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Post-Turkey Naps are for the Couch...NOT Behind the Wheel!

Post-Turkey Naps are for the Couch...NOT Behind the Wheel

By: Kathi Wright | Kyle W. Kiihnl Foundation

“Kyle’s dead.”

Those words are hard to comprehend, even now, so many years after 17-year-old Kyle Kiihnl was killed. Kyle was a junior in high school, a varsity wrestler, a guitar player, and a super-smart kid.  He was a son, a grandson, a brother, a cousin, and a friend.  He was very well-loved.

The May evening was warm and school would soon be out for the summer. What could be the harm in him going for a walk around the block with a friend? His mom didn’t see any harm in his request and expected him to be back home in 15-20 minutes. He never made it home.

Kyle lost his life that night to a young driver with little driving experience.  A teen driver who knew he was very tired but thought the only way to make it home by curfew was to keep driving.  A few minutes from his home, he killed our Kyle. The young driver fell asleep at the wheel and came upon the sidewalk where Kyle and his friend walked ending Kyle’s short life.

Such a tragedy.

Kyle could have been anything.  He was so fun, smart, talented, and kind.  He could have done great things in the world.  He could have made a difference.  

What do teens need to know about drowsy driving?

For one thing, the driver had options that, unfortunately, he was not aware of. Continuing to drive when he knew he was fatigued was not one of them. He could have called his parents and asked them to come to get him.  He could have asked if he could spend the night with the friend he was dropping off. He could have gotten a ride with a friend. To be sure, his parents would much rather have gone and picked him up, than have this story end the way it did. If he had only known he had options.

What do teens need to know about drowsy driving?

Teens need to know that their lack of a healthy amount of sleep directly affects their ability to drive safely. Teens need 8-10 hours of uninterrupted sleep, but many fall far short of this. This is the amount of time it takes for your body to refresh, repair, rejuvenate, and recharge.  Sleep is one of the most important things a teen can do to improve their driving ability. A well-rested teen will be better prepared to make good, safe driving decisions. A well-rested teen will not take risks or use poor judgment while driving.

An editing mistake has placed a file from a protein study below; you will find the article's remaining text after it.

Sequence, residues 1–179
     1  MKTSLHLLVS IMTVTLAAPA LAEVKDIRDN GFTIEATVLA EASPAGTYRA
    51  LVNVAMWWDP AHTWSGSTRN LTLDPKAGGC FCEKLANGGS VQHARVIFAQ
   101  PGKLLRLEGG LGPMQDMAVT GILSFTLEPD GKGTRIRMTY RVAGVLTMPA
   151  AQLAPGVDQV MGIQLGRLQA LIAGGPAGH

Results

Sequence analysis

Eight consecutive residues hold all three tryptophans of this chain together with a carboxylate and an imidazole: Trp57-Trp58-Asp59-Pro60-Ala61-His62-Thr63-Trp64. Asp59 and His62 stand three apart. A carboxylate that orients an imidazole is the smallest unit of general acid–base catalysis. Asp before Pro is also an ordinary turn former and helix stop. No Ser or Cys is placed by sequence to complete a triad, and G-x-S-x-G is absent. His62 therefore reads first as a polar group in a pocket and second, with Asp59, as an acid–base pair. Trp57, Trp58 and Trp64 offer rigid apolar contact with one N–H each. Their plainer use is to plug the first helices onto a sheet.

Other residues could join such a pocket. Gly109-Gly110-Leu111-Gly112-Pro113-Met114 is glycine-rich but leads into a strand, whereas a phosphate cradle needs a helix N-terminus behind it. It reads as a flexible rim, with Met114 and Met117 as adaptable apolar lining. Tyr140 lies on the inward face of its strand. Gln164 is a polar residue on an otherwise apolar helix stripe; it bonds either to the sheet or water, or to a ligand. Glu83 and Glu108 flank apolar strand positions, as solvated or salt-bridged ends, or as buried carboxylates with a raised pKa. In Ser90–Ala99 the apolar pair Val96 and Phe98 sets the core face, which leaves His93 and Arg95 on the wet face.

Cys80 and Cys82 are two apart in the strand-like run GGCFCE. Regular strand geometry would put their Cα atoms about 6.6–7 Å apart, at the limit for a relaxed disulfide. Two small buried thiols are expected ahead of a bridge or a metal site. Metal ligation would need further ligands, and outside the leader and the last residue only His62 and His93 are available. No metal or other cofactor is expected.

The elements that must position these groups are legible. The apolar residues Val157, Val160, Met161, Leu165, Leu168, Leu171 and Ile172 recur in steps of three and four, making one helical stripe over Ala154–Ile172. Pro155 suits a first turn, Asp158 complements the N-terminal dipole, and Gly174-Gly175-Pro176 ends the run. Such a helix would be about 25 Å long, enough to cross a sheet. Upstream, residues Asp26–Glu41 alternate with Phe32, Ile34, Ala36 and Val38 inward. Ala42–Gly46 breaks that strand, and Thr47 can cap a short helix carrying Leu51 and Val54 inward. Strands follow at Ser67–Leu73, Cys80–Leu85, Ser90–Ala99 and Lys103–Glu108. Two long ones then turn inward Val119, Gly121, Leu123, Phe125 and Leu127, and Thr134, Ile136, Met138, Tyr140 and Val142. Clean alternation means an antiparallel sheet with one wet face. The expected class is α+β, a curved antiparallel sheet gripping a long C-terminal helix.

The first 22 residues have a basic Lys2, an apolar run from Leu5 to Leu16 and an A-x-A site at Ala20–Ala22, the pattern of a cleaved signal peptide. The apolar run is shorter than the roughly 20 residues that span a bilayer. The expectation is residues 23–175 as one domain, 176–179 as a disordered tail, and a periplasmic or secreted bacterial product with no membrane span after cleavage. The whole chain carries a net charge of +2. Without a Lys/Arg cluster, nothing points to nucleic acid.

What do you need to be a better driver, student, friend, athlete, employee?

How about trying to get a healthy amount of sleep which for a teen is 8-10 hours every night.

This weekend will be Thanksgiving weekend. A weekend hundreds of thousands of people normally travel to visit friends and loved ones. You may be traveling home from college for the first time. This year, being far from normal, we may not see such heavy traffic but there are some things both novice and seasoned drivers need to know about long-distance travel.

The Kyle Kiihnl Memorial Foundation recommends:

  • Get a good night’s sleep. 8-10 hours for teens, 7-9 hours for adults. It takes that long to get you ready to be your best.  Don’t skimp on sleep.
  • Avoid driving at times you’re normally asleep. If it’s dark, cool, and quiet, your body may think you’re actually sleeping, not driving.
  • Have a co-pilot. Someone to check on the driver and keep him/her alert and focused on arriving safely.
  • Stop every 60-90 minutes. It is so important to get out of the car and breathe fresh air and move around a little bit. Rest stops are a great place to stop and they are all over TN.  This year, especially, try and plan out your stops beforehand to be sure each rest stop is open. A good way to remember to stop is to keep lots of bottled water in the car. Just drink and drink and drink! Your body will remind you it’s time for a pit stop.
  • If fatigue comes, have a Plan B, Plan C, and a Plan D ready. Do not keep driving, that is not an option. Your plans are not written in stone and it is much, much better to arrive late than not to arrive at all.

 

We want your time this Thanksgiving to be filled with happy memories.  These memories begin with getting there safely.  Even if you’re only traveling 5 minutes away, please remember that a good night’s sleep is the best way to arrive safely.  And that annoying aunt you always try to avoid? She may just not seem so annoying after a good night’s sleep!

 
Written By: Anonymous (not verified)